Japan’s struggles increase

Japan estimated the cost of the damage from its
devastating earthquake and tsunami could top $300 billion as authorities in
Tokyo warned that babies should not be given tap water because of radiation
from a crippled nuclear plant.

The first official estimate since
the 11 March disaster covers damage to roads, homes, factories and
infrastructure, and dwarfs losses from both the 1995 Kobe quake and Hurricane
Katrina that swept through New Orleans in 2005, making it the world’s costliest
natural disaster.

As concern grew over the risk to
food safety of radiation from the damaged Fukushima power plant, 150 miles
north of the Japanese capital, the United States became the first nation to
block some food imports from the disaster zone.

The plant, battered by a 9.0 magnitude
earthquake and tsunami that has left 23,000 people dead or missing, has still
not been brought under control, and workers were forced away from the complex
when black smoke began rising from one of its six reactors.

Tokyo authorities said water at a purification
plant for the capital of 13 million people had 210 Becquerel’s of radioactive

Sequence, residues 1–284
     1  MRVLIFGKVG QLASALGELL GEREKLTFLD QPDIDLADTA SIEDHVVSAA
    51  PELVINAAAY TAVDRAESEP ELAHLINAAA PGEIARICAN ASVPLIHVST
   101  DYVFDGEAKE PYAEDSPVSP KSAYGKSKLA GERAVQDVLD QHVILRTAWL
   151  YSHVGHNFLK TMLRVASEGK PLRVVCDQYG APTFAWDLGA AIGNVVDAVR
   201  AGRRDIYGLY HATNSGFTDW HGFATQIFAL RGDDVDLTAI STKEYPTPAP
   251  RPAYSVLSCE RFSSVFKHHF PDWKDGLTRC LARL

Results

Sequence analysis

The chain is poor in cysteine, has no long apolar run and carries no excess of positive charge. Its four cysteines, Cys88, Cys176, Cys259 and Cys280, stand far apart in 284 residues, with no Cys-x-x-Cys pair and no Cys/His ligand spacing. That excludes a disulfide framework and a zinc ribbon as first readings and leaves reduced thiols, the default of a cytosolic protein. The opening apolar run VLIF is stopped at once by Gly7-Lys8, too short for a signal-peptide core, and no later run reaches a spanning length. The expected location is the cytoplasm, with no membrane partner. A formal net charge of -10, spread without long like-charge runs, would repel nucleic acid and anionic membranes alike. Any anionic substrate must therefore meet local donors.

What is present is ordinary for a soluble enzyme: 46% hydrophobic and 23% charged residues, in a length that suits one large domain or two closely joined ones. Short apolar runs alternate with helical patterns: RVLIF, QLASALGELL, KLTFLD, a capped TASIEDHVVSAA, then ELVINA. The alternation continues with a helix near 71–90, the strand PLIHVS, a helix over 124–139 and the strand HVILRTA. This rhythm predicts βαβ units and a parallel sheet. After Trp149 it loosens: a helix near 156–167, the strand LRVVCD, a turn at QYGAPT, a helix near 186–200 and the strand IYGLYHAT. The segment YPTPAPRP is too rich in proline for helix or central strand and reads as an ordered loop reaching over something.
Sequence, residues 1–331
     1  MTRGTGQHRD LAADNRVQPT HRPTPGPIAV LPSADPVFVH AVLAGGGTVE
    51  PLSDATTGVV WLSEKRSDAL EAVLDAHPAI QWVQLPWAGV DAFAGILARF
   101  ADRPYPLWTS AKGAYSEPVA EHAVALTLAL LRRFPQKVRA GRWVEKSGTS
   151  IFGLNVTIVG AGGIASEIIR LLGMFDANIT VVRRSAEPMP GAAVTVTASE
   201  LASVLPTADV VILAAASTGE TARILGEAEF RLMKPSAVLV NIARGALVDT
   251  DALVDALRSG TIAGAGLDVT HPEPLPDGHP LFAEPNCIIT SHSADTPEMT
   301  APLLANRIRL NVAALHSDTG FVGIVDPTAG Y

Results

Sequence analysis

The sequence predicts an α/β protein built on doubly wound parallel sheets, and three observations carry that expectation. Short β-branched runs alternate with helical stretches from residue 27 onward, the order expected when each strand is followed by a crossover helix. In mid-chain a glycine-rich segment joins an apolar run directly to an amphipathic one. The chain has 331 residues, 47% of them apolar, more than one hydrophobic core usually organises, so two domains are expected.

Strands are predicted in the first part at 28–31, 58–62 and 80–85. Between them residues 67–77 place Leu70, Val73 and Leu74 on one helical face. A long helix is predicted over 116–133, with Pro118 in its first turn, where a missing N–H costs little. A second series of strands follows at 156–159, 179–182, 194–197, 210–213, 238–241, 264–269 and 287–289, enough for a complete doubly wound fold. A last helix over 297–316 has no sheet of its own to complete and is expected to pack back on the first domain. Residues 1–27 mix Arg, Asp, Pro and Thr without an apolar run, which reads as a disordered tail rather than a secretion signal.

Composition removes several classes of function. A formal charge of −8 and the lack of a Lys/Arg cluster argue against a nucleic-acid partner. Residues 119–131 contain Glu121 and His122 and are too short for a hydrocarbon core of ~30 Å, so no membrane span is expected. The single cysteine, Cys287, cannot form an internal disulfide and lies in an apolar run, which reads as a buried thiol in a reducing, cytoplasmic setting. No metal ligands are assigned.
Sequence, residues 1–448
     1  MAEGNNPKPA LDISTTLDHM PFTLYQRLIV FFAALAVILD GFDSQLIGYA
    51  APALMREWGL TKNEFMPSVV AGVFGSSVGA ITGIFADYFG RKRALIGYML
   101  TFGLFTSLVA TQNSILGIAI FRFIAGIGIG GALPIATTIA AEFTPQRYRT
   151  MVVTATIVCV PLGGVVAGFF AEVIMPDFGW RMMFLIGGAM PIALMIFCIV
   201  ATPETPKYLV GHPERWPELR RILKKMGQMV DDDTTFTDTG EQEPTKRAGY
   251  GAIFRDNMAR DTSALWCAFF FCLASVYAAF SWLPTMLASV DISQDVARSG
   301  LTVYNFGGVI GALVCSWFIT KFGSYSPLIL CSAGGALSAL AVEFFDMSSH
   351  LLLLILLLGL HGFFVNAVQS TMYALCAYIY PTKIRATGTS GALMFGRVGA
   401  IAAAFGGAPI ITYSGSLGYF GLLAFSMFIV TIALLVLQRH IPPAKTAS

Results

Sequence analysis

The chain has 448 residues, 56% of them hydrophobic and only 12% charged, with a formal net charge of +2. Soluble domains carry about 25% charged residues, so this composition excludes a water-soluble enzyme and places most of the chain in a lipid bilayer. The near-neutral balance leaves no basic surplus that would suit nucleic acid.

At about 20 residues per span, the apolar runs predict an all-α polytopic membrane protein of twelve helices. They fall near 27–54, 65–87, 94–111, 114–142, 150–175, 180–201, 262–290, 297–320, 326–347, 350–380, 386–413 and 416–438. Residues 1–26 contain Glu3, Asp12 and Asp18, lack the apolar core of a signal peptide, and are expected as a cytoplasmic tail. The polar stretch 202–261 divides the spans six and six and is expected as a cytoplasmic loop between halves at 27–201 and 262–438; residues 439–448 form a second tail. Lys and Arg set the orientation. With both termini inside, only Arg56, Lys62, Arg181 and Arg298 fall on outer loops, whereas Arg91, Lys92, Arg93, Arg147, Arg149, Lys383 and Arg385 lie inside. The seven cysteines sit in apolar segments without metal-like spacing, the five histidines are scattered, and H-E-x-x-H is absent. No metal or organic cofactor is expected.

iodine — more than twice the safety level for infants.

The U.S. Food and Drug
Administration said it was stopping imports of milk, vegetable and fruit from
four prefectures in the vicinity of the stricken nuclear plant.

Hong Kong, a major importer of
Japanese food, also banned produce and milk imports from the disaster zone.

Japan’s Jiji news agency said Hong
Kong authorities had found radioactivity levels in spinach and turnip samples
up to 10 times over the safety limit.

South Korea may be next to ban
Japanese food after the world’s worst atomic crisis since Chernobyl in 1986.

France this week asked the European
Commission to look into harmonizing controls on radioactivity in imports from

The damage estimate of $300 billion
could go higher as it does not include losses in economic activity from planned
power outages or the broader impact of the nuclear crisis.

The 1995 Kobe quake
cost $100 billion while Hurricane Katrina caused $81 billion in damage.


Tayo Kitamura, 40, kneels in the street to caress and talk to the wrapped body of her mother Kuniko Kitamura, 69, after Japanese firemen discovered the dead woman inside the ruins of her home in Onagawa, Japan.
Photo: msnbc.com